as the hospital reporting requirements in Minnesota and Ohio)
require providers to report average reimbursements across all
payers. By shrouding information
about low prices, these programs
are less likely to generate the unfavorable consequences described
above. However, though these
programs may do no harm, they
do not give patients information
about the prices that they will actually pay for care.
To stimulate price competition,
we believe that transparency initiatives should encourage or mandate disclosure of plan-specific
patient copayments. Copayments,
after all, are what patients actually pay. To make copayment information most salient, it should
be presented in a way that reflects
and improves upon consumer decision making. As Sinaiko and
Rosenthal observe in their Perspective article in this issue of the
Journal (pages 891–894), episodebased payments are more helpful
than piecemeal reporting, and
quality data should accompany
prices. Designers of these price
menus can do even better by
framing information in a way that
combats common biases and mis­
perceptions — for example, explicitly addressing people’s tendency to overweight the probability
of low-likelihood, high-cost events.
Thus, prices for births with and
without stays in the neonatal intensive care unit could be accom-
panied by relative probabilities of
these events, ideally tailored to
the demographic profile of specific patients.
The effort to promote costconsciousness in health care is
both noteworthy and laudable.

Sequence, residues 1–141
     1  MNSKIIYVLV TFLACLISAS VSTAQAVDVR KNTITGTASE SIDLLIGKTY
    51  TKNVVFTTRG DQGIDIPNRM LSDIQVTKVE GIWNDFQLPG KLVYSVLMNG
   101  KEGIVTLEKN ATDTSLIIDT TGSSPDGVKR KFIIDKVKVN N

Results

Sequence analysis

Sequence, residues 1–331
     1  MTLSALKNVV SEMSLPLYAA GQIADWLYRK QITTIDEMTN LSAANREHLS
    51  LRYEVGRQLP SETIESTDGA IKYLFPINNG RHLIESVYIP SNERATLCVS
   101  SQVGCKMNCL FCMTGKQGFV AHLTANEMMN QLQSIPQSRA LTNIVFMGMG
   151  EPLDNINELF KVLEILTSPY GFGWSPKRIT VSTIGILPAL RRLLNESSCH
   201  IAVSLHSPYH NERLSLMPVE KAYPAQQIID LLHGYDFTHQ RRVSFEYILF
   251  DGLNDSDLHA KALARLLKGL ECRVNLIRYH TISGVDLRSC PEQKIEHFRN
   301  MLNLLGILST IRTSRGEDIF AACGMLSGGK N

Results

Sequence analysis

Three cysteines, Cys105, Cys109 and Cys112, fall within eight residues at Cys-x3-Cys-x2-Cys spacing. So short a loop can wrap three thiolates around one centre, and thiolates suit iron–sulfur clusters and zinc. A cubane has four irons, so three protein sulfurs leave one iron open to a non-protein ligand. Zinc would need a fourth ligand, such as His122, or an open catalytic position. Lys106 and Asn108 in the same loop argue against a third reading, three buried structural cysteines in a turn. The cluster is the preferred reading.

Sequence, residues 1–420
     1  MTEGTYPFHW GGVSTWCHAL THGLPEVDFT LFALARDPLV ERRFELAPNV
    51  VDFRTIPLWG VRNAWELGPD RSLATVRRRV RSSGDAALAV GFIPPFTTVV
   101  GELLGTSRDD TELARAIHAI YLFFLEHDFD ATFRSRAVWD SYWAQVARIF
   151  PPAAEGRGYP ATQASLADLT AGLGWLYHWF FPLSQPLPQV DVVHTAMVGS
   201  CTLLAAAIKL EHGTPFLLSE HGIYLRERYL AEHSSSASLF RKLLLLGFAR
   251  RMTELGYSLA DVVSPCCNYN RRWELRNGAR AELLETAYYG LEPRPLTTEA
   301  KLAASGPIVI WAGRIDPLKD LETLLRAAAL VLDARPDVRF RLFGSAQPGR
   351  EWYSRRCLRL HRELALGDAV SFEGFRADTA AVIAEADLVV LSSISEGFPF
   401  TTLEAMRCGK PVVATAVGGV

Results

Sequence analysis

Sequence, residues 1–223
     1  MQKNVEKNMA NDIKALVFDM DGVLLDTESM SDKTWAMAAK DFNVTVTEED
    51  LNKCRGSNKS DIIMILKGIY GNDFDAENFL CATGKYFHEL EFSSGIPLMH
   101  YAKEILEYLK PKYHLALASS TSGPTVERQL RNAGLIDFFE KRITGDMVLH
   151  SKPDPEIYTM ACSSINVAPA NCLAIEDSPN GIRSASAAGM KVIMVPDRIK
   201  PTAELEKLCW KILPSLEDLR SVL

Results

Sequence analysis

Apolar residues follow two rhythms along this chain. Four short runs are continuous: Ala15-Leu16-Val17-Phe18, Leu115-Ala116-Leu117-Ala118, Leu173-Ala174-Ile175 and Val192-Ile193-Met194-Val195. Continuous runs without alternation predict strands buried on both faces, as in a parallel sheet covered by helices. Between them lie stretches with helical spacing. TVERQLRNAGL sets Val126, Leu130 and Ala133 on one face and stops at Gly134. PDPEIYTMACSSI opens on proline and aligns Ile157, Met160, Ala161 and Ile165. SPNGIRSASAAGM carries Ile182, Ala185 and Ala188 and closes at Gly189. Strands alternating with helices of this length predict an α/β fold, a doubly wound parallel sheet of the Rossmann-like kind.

Just as in other industries, consumers need to know what they
are on the hook for when they
purchase medical care. But complete transparency of prices negotiated between payers and providers could raise costs instead
of lowering them, especially in
markets where there is some degree of pricing power and where
consumers are imperfect decision
makers. As in so much of medical care, the best of intentions can
go awry if the plan is not thought
through or correctly executed.
Disclosure forms provided by the authors
are available with the full text of this article at NEJM.org.
From the Department of Economics, Harvard University (D.C.), and the National Bureau of Economic Research (D.C., L.D.) —
both in Cambridge, MA; and the Kellogg
School of Management, Northwestern University, Evanston, IL (L.D.).
1. Tu HT, Lauer J. Impact of health care price
transparency on price variation: the New
Hampshire experience. Issue brief no. 128.
Washington, DC: Center for Studying Health
System Change, 2009.
2. Austin A, Gravelle G. Report for Congress: Does price transparency improve market efficiency? Implications of empirical evidence in other markets for the health sector.
Washington, DC: Congressional Research
Service, 2008.
3. Letter from Christine A. Varney, Assistant
Attorney General, to Mit Spears, Esq., re:
Hospital Value Initiative. April 26, 2010.
4. Albaek S, Møllgaard P, Overgaard P. Government assisted oligopoly coordination?
A concrete case. J Indust Econ 1997;45:42943.
5. Cooper TE. Most-favored-customer pricing and tacit collusion. Rand J Econ 1986;17:
Copyright © 2011 Massachusetts Medical Society.
n engl j med 364;10 nejm.org march 10, 2011
The New England Journal of Medicine
Downloaded from nejm.org at SIMMONS COLLEGE on April 1, 2016. For personal use only. No other uses without permission.
Copyright © 2011 Massachusetts Medical Society. All rights reserved.